Break upon our blindness with Thy light.
Show us, whatever we deem loss,
That love is final gain.
Alistair Maclean gathered the reflections we have shared these last few days from the ordinary people of the Hebrides where he was a Church of Scotland minister, and clearly a good listener. His mysticism is not superficial feel-good stuff, but is born of love of God and the world he has entrusted to us.
Continuing Sister Johanna’s reflection from yesterday.
Yesterday, we left the seventy-two missionary disciples when they were feeling wonderful in the knowledge that they would be powerful in Jesus’ name. Jesus himself had just assured them of it (Luke 10:19). Which brings me to the next point in this reflection. It is a joy beyond all joys to work for the Lord and to be an instrument of his power and love. Jesus appreciates that the disciples are experiencing something they’ve never experienced before – and they can barely contain themselves. Perhaps they have even been slightly unbalanced by this experience. Who wouldn’t be? For, in addition to their joy, the entire experience – the journey, their success in preaching the Kingdom and in healing the sick, and, to cap all, their power over the demons – must have given this group of seventy-two men an enormous sense of power. And power can be a danger for those who wield it. No one was ever more astute than Jesus about the dangers of power. He wants the disciples to begin to understand this danger. He now has some sobering words for his missionaries.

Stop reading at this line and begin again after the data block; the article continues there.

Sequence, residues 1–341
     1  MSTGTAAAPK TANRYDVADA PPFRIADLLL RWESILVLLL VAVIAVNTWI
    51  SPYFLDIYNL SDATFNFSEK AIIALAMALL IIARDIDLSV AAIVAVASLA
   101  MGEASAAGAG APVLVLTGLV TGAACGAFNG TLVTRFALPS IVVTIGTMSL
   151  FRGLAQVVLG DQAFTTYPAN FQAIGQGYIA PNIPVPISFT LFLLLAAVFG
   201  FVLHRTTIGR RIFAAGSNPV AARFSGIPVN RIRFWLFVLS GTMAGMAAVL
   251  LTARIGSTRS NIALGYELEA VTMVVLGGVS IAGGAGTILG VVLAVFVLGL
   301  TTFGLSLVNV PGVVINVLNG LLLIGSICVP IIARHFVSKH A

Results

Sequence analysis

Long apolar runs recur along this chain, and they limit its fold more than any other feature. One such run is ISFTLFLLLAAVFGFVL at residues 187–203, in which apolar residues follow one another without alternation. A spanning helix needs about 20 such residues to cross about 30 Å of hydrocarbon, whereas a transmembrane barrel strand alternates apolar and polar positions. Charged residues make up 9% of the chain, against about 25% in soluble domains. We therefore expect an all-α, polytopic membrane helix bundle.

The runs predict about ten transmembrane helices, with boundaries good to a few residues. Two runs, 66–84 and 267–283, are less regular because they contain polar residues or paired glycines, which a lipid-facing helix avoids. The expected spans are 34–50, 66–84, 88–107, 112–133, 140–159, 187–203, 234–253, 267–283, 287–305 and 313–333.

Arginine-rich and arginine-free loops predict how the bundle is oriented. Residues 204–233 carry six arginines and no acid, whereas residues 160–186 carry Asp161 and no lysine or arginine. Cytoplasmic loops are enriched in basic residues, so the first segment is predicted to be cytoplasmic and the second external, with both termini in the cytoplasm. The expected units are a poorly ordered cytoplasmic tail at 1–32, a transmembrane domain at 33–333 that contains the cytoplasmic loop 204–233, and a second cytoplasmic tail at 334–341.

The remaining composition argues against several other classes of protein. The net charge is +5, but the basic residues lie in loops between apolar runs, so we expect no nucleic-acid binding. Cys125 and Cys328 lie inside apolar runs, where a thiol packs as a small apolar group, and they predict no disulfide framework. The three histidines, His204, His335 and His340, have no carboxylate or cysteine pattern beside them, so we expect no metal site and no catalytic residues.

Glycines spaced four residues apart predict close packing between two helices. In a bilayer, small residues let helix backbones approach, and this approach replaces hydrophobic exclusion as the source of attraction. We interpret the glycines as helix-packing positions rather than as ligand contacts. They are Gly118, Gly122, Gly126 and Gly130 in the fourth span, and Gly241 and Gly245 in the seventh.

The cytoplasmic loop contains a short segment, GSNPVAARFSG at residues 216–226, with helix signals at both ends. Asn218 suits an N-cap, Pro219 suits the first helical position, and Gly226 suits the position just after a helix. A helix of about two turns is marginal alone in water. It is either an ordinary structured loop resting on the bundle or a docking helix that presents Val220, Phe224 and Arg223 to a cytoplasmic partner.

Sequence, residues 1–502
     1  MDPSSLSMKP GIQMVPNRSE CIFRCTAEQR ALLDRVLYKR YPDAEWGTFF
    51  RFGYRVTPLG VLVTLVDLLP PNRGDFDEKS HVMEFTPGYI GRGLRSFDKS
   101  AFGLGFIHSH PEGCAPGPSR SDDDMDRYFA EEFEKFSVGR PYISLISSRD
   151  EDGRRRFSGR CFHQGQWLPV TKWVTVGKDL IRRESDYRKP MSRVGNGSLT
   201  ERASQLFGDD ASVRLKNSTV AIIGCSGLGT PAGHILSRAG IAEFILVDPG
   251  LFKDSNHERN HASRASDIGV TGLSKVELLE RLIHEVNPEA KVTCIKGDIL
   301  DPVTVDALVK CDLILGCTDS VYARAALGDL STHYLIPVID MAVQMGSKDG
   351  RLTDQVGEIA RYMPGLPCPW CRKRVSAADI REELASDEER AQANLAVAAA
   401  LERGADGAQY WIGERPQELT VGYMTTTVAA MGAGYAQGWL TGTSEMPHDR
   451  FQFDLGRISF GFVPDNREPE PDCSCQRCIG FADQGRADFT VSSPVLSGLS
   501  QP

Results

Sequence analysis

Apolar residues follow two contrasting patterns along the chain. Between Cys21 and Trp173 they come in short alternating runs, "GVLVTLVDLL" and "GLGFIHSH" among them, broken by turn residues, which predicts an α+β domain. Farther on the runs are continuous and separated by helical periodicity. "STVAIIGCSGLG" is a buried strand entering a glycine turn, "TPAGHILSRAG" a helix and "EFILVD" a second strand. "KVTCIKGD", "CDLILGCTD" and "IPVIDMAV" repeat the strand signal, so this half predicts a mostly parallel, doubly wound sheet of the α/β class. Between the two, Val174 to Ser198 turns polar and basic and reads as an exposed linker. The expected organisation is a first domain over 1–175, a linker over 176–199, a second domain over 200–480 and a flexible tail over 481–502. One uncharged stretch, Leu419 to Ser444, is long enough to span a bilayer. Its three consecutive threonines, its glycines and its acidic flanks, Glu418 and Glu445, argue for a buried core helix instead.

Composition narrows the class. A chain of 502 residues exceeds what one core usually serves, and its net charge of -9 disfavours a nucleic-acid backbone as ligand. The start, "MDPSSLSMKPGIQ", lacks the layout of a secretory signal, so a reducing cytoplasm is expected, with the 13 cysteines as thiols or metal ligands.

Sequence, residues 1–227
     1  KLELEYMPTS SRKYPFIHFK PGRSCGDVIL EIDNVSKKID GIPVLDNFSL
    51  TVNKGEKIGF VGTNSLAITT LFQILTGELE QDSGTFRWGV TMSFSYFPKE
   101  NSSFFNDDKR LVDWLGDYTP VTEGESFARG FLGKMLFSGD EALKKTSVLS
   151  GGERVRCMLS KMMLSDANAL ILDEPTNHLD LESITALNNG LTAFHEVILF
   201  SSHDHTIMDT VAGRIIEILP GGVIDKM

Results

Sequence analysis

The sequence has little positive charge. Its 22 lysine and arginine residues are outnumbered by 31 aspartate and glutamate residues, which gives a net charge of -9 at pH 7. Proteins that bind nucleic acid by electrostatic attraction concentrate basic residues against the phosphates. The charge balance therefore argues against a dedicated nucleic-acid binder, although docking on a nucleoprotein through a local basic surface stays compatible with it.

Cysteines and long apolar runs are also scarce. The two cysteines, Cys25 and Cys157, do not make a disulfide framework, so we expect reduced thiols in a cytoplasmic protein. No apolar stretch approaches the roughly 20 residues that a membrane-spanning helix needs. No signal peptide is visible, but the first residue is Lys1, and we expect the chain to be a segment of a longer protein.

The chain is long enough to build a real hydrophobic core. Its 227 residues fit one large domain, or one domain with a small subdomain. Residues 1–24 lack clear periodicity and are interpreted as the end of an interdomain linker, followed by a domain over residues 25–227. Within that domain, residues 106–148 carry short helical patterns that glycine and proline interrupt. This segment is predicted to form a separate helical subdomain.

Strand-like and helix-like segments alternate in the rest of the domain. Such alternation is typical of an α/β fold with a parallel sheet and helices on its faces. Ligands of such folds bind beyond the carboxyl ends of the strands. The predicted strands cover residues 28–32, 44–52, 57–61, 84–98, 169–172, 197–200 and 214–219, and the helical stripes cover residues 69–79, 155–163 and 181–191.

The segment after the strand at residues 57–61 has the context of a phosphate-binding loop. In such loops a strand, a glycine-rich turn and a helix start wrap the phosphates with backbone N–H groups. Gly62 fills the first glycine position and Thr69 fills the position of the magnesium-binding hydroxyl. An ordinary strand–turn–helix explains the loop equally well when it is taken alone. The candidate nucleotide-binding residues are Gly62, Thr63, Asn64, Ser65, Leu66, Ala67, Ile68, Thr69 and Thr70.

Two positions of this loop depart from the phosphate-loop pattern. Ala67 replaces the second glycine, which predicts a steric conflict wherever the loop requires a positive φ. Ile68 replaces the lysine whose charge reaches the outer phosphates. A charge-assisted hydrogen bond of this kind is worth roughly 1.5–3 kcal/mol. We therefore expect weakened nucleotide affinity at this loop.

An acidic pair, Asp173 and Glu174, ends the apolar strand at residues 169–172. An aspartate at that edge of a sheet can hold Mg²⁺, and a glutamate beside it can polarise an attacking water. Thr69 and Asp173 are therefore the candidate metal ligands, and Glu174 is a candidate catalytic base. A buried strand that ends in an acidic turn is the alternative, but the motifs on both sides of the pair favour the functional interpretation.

The gospels are completely honest in recounting the instances when the disciples reveal that they are preoccupied by issues of power – their own power as a group against the Roman occupation, the apparent power of particular individuals within their group, Jesus’ power in relation to the religious establishment were just a few of the power-issues that distracted them. Jesus has repeatedly tried to lead them away from this preoccupation with power (cf. Luke 9:46-50). But now, here they go again. They have suddenly experienced a new kind of power – spiritual power. This is the most dangerous power of all. And they like it. They like it a lot.
Their words to Jesus when they arrive seem to indicate that they have seen that their spiritual power over the demons depends on their use of Jesus’ name. So that’s something. At least they have a vague notion that they are not the authors of the power they have exercised. Good, but not great, seems to be the judgement of Jesus about this. His words of warning come quickly: “Do not rejoice that the spirits submit to you.”